Hinshaw saw two key things here: The first was that Fraser wasn’t asking to improve on the assault bike, he was asking how to win on it. “Mat was so hungry for knowledge that it became really difficult to write workouts that were both challenging and informative for him.”
Secondly, he decided he could use the assault bike question to teach a broader lesson: “Finding your sustainable pace is very difficult because there’s no formula. Every movement in CrossFit has its own sustainable pace. It’s a feeling that must be learned, and you must develop sensitivity to it.”
After a couple of solid years of work bringing Fraser’s lungs along far enough for the creativity and fine-tuning to become relevant, Hinshaw found himself at a track session with the champ in which he decides to teach him the lesson of precision.
Hinshaw recalls the story he’s shared on multiple occasions of how being one second too fast on his running intervals ended up forcing him to take drastically longer on his recovery intervals.
- “The lesson was that one second matters a lot. This taught him that one second can be nothing more than a transition, but it also has the potential to blow him up and cost him huge.”
Each of these minor lessons was starting to fit together for Fraser. Around this same time, Hinshaw explains that he adopted a new mindset, “If he’s not training a specific intensity, then he’s not prepared for it. He must train all of them, including a walking pace so that he is never caught off guard. Because of that experience and what it taught him, he now trains 13 different intensities.”
“The Fittest” documentary tells the story of the 2019 CrossFit Games. On the final day of the competition, Dave Castro revealed that athletes would be doing two events, Ringer 1 and Ringer 2, back to back with minimal rest in between. Both workouts were worth 100 points, and Fraser desperately needed points.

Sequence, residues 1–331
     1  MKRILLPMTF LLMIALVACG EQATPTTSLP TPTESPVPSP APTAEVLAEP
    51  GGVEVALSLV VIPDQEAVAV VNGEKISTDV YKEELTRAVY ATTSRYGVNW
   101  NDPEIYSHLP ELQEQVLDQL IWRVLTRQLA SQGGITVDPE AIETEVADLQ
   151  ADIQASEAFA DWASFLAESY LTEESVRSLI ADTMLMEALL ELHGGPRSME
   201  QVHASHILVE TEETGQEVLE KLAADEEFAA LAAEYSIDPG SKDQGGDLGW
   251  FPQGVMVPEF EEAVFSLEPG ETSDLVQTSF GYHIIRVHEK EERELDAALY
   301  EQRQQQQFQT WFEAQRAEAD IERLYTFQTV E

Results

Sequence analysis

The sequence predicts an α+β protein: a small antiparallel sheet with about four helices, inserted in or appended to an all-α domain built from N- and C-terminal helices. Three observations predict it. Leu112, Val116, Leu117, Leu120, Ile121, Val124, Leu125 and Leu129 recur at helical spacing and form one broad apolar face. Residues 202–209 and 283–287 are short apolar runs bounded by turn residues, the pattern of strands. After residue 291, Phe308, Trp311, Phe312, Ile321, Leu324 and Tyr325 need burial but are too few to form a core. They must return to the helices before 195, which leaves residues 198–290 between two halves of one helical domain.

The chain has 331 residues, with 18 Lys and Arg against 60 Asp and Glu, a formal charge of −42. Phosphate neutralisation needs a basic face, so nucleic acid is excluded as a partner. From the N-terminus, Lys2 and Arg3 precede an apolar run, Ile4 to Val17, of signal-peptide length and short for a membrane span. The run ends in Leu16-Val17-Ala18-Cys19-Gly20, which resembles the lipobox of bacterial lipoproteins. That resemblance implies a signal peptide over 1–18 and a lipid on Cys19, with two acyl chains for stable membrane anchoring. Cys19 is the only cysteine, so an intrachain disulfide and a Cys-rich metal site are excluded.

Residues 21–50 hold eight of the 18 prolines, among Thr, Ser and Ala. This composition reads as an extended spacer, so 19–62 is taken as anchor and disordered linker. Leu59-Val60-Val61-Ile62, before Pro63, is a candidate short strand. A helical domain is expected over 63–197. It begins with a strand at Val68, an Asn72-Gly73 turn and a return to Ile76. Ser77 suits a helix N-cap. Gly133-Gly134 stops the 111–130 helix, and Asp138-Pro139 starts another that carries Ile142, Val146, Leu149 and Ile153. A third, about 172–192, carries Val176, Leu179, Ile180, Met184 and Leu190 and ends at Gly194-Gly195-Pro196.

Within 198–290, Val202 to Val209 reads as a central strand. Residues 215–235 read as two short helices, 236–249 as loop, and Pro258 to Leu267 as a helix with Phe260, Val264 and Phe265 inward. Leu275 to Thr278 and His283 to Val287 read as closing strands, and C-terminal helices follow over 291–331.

In an interview recalling the events, Fraser explains that James Newbury went out extremely fast and he was pretty sure he couldn’t catch him; he took second. Then he very directly says that if given one minute to recover he can recover and repeat nearly the same performance better than anyone else in the sport.
In asking Hinshaw about this remarkable, confident, and seemingly accurate (he won Ringer 2 rather handily) statement of Fraser’s Hinshaw explains:
- “A major metric of aerobic fitness is the ability to recover. If you are more aerobically fit than a competitor, you will recover faster between events. Mat knows and believes he can recover better than anyone. He is building his greatness on his experience and things that are proven, and he carries that forward throughout his career.”
Fraser is already the best CrossFit athlete in history and is continuing to break his own records. But, Hinshaw evaluates not just where he is, but why. “He’s in his prime now, in his 30s, because of the approach he’s taken to his CrossFit career. He appreciates the finite window that he has because he’s experienced losing that opportunity before (with his Olympic weightlifting career).”
Calling back to an early conversation with Fraser, Hinshaw remembers Mat telling him “I never want to finish second again, and I know if I don’t fix this I’ll never win.” But even more impressively he added:
- “If this decision knocks me out of the top 10, I’ll live with that. But if I don’t try I’ll never win, and I want to win. He never hesitates to reach out for help.” And that is just one more thing that adds to his greatness.